Categories: Ohio News

Columbus bank robbery suspect gives ID, easily tracked by police

Fri, 06/22/2018 - 10:53

COLUMBUS, Ohio — Police say a quick-thinking bank teller in Ohio convinced a suspected robber to hand over his own license.

Authorities say the man walked into a Huntington Bank in Columbus on June 4 and gave the teller a note saying he was armed and demanding money.

The teller gave the man a stack of cash, but then he demanded more money from the electronic cash recycle machine in the bank's lobby.

Police say the teller told the man the machine needed a driver's license to dispense cash, so the man handed his own license over.

The license led police to the 51-year-old man who was arrested June 15 and charged with aggravated robbery and threatening with a deadly weapon.

Categories: Ohio News

80-year-old man on bicycle struck and killed by truck in Fairfield County

Fri, 06/22/2018 - 10:18

FAIRFIELD COUNTY, Ohio -- An 80-year-old man is dead in a crash where a pickup truck struck him while riding a bicycle.

According to The Ohio State Highway Patrol, Oliver Seikel, 80, was riding his bike Friday morning westbound on Carroll Eastern Road.

Troopers said Seikel failed to stop at a stop sign and was struck by a Ford F-150 at a State Route 158 intersection in Greenfield Township.

The collision knocked Seikel off the bike where he was then taken by first responders to Grant Medical Center.

OSHP said Seikel later died from his injuries and the driver of the truck was not injured.

This crash remains under investigation.

Categories: Ohio News

Crying girl in iconic image was never separated from mother, ICE says

Fri, 06/22/2018 - 10:07

The picture of a Honduran girl crying as she and her mother are detained in Texas has grabbed worldwide attention and come to symbolize the intense debate about separating children from their parents. Time magazine put the young girl on this week's cover, but the Border Patrol agent involved in the dramatic scene says the photo might be a little misleading. Immigration and Customs Enforcement confirmed to CBS News the mother and daughter are being housed together at a facility in Texas and her immigration proceedings are ongoing.

"We were patrolling the border. It was after 10 o'clock at night," Border Patrol agent Carlos Ruiz told CBS News' David Begnaud. He was the first to encounter Sandra Sanchez and her daughter after they allegedly crossed the Rio Grande River into Texas illegally.

"We asked her to set the kid down in front of her, not away from her, she was right in front of her...So we can properly search the mother," Ruiz said. "So the kid immediately started crying as she set her down. I personally went up to the mother and asked her 'Are you doing OK? Is the kid OK?' and she said, 'Yes. She's tired and thirsty. It's 11 o'clock at night.'"

Getty photographer John Moore joined Ruiz for a nearly nine-hour ride along on the border. He was just feet away from Sanchez and her daughter.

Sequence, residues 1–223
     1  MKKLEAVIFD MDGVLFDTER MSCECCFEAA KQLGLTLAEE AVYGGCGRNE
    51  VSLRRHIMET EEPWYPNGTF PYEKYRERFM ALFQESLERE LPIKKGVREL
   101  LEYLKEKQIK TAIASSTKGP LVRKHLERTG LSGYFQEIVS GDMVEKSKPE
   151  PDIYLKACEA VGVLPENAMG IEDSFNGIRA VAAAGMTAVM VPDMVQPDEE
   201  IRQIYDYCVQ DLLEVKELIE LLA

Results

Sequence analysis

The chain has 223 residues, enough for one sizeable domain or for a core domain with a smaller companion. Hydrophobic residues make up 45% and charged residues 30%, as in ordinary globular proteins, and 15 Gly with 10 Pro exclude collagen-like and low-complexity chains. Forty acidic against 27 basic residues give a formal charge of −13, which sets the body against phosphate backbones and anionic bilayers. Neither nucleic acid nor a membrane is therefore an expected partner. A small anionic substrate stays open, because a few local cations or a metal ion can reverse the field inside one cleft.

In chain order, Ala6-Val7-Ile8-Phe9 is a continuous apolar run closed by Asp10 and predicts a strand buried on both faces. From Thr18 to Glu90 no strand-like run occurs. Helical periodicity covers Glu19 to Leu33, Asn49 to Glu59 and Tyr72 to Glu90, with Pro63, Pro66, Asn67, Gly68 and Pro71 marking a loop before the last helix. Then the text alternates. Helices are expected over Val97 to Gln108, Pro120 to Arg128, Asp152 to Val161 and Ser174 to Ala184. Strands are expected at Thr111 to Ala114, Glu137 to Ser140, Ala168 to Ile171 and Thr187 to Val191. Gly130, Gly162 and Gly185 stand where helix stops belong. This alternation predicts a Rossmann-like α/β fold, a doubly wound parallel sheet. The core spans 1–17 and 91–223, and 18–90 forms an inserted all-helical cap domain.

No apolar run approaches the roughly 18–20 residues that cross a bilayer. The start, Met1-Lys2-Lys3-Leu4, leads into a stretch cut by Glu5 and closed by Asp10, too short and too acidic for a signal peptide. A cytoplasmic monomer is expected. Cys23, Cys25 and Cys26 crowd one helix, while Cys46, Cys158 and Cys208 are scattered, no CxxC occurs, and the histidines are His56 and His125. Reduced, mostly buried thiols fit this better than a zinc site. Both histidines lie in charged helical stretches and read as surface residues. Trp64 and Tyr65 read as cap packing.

July 2 issue of Time (TIME)

"When I took this picture, I knew it would be important. I had no way of knowing that it would touch people quite on the level that it has," Moore said. "I asked her how long she'd been traveling, and she gave me this very weary look, and she said she'd been on the road with her daughter for a month…. Imagine doing that with children. It's almost impossible to imagine, actually."

Moore's image is now on the cover of Time magazine next to a picture of President Trump.

"They're using it to symbolize a policy and that was not the case in this picture," Ruiz said. "It took less than two minutes. As soon as the search was finished, she immediately picked the girl up, and the girl immediately stopped crying."

Moore says Ruiz and other agents acted professionally that night. But he is happy with the cover and the response to the image.

"Oftentimes, immigration is talked about in terms of statistics, and when you put a human face and humanize an issue, you make people feel. And when you make people feel, they have compassion. And if I've done just a little bit of that, then that's OK," Moore said.

Ruiz said he and his fellow agents represent more than just the Border Patrol logo.

"We are also fathers, we are also sons, we are also have families, and we do care, and we do our jobs, and we treat these people as humanely and as best as we possibly can," Ruiz said.

Categories: Ohio News

Supreme Court decides police generally need a warrant to track cell phones

Fri, 06/22/2018 - 09:25

WASHINGTON — The Supreme Court ruled Friday that police generally need a search warrant if they want to track criminal suspects' movements by collecting information about where they've used their cellphones, bolstering privacy interests in the digital age.

The justices' 5-4 decision marks a big change in how police may obtain cellphone tower records, an important tool in criminal investigations.

Chief Justice John Roberts, joined by the court's four liberals, said cellphone location information "is detailed, encyclopedic and effortlessly compiled." Roberts wrote that "an individual maintains a legitimate expectation of privacy in the record of his physical movements" as they are captured by cellphone towers.